I searched for him everywhere. I sought out his friends. I googled his name. I wanted to have him back. My Dad.
Dad went in for the umpteenth time for dialysis. At three times a week, four hours a day, six years – he had dialysis for 730 days of his life, 2,920 hours. And now he was being told they had run out of veins for his dialysis. It was Friday, December 10, 1993. It was my son’s 21st birthday; my Army child, stationed in South Korea. Dad decided not to go back to the center where he spent all those long grueling hours. He chose to die now rather than months from now, under all the same four hours a day, three days a week routine. He died on December 19.
I came home after spending the last week of his life with him and did mundane things, like shop at Albertson’s for milk and bread. All the while thinking that surely the clerks, the other shoppers, the children in the child seats, the baker, the butcher, the florist – would all see the pain in my eyes, the ache of my heart, the whole in my soul. Surely they noticed. I wanted to go up to each one and say “Did you know my Dad?” “Did you know he died?”
I went to his friends and would touch their hands, knowing that their hands had shaken my Dad’s hand. I knew that their hands had affectionately clapped my Dad’s shoulder or embraced him. And I would eagerly and breathlessly wait for anything they would say about my Dad. I wanted to confirm all the good things I knew about my Dad. I would stand there, soaking up his friends’ words like water on a parched throat.
“Your Dad was very kind.”
“He was so important to me.”
“Your Dad loved you kids so much.”
All these words would bathe over me and sooth me.
Recently I have watched various news blogs about local people who have met untimely ends in freak accidents and what struck me were how many relatives who had never commented on these blogs, now were writing. They were writing in response to remarks made by various bloggers who didn’t know their lost loved one, and the remarks were sometimes hurtful, tacky, or erroneous. These loved ones have written from Ohio, California, Seattle – outside the scope of Spokane, Washington. And these loved ones have expressed the pain of reading these remarks when all they were doing was what I had done – they searched for anything about their child, their mother, my Dad. They googled their loved one’s name. They wanted anything about their loved one. Just like I did with my Dad. Any positive word to say he was loved by someone else. That someone else misses him as much as I.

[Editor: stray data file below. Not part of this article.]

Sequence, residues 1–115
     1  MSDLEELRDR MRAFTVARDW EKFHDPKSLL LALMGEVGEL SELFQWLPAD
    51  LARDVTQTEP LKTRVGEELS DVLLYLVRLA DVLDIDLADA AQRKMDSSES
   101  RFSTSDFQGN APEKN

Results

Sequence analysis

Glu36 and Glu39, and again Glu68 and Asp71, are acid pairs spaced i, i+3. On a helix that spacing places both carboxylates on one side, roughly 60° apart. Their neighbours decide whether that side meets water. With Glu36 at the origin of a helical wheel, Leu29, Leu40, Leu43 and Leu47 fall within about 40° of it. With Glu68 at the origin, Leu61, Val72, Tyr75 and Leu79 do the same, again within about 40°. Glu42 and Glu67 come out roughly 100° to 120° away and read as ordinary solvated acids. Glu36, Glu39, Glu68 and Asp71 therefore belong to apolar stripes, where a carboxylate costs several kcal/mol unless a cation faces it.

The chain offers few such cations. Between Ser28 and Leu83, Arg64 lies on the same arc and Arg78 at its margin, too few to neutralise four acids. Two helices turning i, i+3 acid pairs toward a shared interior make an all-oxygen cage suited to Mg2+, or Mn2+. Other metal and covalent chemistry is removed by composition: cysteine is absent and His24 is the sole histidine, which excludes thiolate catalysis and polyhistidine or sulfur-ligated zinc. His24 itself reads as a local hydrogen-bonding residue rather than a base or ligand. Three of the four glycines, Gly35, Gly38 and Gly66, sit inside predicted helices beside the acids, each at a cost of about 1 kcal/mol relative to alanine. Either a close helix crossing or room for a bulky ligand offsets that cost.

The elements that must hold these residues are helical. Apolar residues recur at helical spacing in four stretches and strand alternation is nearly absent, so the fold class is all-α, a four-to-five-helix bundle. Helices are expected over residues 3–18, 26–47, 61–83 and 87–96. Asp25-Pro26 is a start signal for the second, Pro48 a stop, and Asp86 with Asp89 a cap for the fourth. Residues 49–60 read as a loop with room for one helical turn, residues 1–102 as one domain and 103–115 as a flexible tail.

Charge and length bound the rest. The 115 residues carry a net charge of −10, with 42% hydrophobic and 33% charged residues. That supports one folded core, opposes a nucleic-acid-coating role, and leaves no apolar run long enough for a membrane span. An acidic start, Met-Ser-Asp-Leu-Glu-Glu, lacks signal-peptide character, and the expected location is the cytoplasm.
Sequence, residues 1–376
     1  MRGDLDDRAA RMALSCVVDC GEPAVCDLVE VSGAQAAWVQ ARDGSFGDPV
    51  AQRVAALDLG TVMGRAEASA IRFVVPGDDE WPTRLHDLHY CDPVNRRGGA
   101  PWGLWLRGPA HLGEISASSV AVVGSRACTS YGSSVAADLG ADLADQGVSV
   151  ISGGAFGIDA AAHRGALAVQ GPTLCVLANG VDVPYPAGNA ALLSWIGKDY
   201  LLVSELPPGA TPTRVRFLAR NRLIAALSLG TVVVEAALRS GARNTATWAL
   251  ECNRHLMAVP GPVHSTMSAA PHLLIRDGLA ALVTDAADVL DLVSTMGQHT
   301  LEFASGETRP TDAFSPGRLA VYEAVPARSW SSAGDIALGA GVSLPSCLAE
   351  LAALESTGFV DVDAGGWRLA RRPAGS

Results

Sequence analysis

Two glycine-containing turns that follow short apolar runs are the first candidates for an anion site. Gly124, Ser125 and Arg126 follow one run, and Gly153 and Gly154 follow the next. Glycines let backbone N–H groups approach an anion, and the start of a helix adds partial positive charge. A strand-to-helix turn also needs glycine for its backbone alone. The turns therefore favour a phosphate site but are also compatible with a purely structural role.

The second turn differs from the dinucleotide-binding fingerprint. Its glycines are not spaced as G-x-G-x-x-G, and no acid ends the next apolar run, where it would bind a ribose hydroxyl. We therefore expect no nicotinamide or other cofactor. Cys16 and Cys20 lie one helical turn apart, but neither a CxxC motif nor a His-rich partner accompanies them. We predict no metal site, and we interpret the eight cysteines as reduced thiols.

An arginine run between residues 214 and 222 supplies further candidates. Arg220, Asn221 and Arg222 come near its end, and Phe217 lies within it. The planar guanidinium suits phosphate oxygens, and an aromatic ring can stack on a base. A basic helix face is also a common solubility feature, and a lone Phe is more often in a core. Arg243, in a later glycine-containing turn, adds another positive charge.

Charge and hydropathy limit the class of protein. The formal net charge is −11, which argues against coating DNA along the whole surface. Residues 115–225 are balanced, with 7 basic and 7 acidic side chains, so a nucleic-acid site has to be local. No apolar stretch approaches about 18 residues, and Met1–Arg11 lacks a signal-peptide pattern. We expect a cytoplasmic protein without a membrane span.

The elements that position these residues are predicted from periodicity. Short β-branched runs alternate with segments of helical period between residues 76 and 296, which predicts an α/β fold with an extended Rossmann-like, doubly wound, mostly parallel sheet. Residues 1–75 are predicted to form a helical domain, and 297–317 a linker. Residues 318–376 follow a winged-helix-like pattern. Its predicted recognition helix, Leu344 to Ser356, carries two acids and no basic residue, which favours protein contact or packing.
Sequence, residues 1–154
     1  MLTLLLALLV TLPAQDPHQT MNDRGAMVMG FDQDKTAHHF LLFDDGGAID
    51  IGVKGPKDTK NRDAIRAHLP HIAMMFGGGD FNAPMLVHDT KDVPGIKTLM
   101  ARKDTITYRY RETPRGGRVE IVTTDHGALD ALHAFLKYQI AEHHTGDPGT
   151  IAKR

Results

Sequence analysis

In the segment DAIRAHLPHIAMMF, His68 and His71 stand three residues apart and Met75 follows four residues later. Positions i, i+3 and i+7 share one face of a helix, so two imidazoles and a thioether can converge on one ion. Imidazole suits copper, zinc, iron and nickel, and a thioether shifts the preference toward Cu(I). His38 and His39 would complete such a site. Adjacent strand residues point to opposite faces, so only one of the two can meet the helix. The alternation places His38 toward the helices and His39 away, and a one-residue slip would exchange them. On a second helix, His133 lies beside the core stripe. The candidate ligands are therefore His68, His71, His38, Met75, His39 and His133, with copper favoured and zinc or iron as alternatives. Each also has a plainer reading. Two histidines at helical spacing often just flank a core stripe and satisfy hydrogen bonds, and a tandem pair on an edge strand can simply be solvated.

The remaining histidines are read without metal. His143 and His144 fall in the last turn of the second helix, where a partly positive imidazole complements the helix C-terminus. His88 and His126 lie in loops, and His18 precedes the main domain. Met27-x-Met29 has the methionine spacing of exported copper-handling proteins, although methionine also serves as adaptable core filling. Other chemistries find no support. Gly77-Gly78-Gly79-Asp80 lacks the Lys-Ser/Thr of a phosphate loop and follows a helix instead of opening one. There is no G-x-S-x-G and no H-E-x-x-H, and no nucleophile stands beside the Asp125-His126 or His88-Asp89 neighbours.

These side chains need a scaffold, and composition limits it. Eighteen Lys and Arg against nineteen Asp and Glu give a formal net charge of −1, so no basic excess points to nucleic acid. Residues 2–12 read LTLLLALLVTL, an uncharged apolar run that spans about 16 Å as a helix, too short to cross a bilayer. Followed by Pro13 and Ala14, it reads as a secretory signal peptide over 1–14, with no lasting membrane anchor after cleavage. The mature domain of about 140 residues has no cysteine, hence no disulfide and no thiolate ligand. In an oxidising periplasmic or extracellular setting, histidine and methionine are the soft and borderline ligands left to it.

Four months ago a good friend’s 24-year-old daughter passed away due to cystic fibrosis. I wrote about it on this blog – in a good way, in a positive way, highlighting what I knew about his daughter from my own experiences with her. I have a comment tracker and I have been amazed that every day, every single day, I have received hits to that particular post, from all over the world. Her friends started commenting to me – that it helped them so much to handle their grief over the loss of their friend. Her mother contacted me. She too wanted to hear that people loved her daughter as much as she did. The loss of her daughter took her breath away with its nearly unbearable anguish. She wanted comfort, she wanted to see her daughter through others' eyes. It confirmed for her that her daughter was vital to many, many people. That particular site gets two dozen hits a day. All because I said kind things about a person that was loved by so many people.
I wrote that story because I desperately wanted someone to write about my Dad in the same way. I wanted someone to say they loved him too. They missed him. They were sorry for my loss.
The empathy I get from others has healed the gaping hole I had felt for months after my Dad died.
Hopefully my treating others as I wish they would treat me makes a difference.